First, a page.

Follow These Tips to Cut Back on Food Waste
You don’t have to be meticulous
There’s something about the freshness of fall that makes us want to overhaul our kitchens.
Maybe it was watching those crunchy summer greens go limp in the vegetable drawer or the realization that last week’s molded sliced turkey won’t make it into this week’s lunch boxes. Let’s not even talk about the carton of milk that curdled in the fridge during back-to-back vacations last month.
Despite our best efforts, food still seems to go bad before our eyes. And we’re not alone. Americans waste nearly a pound of food per day on average, and a family of four spends about $1,500 a year on food they’ll end up tossing out.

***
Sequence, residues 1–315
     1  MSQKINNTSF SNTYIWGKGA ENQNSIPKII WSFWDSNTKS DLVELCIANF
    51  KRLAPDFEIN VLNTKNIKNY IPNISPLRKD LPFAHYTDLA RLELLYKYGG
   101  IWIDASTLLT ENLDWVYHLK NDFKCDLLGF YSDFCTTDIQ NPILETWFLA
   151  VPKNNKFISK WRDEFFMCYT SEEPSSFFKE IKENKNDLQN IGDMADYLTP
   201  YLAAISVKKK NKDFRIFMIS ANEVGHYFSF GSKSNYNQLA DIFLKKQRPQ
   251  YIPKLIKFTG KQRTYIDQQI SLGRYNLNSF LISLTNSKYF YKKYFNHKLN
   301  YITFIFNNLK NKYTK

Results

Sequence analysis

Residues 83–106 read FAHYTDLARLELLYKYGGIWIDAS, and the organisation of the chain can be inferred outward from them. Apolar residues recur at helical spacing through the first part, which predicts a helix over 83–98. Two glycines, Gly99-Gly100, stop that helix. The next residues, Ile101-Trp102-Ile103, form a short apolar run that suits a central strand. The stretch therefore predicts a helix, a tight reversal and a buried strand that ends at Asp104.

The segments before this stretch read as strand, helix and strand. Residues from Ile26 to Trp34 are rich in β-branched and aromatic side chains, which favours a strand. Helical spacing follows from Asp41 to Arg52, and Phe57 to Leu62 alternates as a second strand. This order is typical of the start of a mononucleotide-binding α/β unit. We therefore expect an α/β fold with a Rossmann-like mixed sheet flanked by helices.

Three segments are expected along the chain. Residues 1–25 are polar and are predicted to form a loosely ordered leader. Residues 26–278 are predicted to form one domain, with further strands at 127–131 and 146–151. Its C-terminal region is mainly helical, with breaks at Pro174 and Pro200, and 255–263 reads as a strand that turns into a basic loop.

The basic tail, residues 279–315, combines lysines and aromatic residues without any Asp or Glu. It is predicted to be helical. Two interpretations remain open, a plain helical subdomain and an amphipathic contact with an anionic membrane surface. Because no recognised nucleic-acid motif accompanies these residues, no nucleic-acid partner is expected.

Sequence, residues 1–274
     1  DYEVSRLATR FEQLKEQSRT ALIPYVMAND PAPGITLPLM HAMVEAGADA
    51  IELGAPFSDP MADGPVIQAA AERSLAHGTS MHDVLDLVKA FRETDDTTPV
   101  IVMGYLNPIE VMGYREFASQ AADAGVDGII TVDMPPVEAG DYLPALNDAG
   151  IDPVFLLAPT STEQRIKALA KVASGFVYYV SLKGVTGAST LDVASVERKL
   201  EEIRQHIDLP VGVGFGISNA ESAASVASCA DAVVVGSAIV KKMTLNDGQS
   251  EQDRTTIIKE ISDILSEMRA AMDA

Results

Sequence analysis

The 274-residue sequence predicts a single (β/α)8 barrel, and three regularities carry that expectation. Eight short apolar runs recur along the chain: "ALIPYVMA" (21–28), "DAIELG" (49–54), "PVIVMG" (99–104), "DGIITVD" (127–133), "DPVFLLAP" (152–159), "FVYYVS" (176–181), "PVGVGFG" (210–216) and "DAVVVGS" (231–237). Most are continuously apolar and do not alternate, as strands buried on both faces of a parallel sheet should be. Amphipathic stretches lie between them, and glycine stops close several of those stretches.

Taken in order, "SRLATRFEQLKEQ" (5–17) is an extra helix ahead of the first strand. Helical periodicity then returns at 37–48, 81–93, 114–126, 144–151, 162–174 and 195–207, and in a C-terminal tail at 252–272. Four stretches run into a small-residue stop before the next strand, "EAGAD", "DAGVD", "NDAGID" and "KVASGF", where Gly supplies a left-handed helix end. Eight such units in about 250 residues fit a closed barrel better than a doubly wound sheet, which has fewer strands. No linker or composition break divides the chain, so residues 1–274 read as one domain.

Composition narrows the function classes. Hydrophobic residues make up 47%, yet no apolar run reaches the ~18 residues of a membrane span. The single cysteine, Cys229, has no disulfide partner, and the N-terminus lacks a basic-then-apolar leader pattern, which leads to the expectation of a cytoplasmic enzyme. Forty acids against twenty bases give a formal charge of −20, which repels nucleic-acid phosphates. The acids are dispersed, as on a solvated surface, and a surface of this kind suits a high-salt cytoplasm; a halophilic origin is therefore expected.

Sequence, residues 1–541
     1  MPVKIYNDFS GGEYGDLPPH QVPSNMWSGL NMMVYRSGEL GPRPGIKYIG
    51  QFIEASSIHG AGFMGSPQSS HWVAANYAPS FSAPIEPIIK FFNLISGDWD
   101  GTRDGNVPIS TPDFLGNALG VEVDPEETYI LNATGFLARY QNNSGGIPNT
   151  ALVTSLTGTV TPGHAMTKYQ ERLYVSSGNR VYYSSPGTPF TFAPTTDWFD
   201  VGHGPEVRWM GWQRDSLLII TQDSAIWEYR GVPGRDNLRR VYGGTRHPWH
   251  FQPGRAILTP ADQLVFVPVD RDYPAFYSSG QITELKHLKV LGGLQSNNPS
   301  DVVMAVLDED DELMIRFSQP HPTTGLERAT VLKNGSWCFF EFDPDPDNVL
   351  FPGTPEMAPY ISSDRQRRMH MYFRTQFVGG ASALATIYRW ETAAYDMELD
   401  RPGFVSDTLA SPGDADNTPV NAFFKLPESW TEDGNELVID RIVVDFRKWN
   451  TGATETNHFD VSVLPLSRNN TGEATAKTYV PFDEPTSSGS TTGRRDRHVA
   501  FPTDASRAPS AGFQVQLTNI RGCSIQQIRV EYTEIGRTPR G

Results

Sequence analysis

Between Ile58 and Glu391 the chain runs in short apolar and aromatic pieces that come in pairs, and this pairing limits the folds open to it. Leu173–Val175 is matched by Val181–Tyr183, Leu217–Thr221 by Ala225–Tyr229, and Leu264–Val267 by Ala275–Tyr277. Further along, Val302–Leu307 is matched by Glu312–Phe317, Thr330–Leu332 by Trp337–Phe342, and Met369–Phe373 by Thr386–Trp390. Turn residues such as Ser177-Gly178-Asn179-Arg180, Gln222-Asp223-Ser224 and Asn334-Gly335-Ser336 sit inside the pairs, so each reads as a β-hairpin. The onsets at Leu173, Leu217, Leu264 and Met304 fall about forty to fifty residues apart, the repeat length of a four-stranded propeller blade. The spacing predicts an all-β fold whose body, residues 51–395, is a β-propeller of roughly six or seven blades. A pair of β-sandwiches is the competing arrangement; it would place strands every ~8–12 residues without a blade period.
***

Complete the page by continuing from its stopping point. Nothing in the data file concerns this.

A study in Oregon found that nearly three-quarters of food waste was edible at some point (it’s not all eggshells and chicken bones). Food that could have been eaten fills landfills, helping to make them the third-largest source of methane emissions from human-caused activities in the country.
But you’ve heard much of this before, and you’ve resolved to improve before, right?
When Alison Mountford founded Ends+Stems, a meal planning service aimed at reducing household food waste, she became a de facto priest for people’s food-waste confessions. Occasionally, someone would say they’ve got it handled.
“But far more common is the person who feels a little bit of shame,” says Mountford, who lives in San Francisco. They say “we waste so much food in my house, and I really just don’t know where to start.”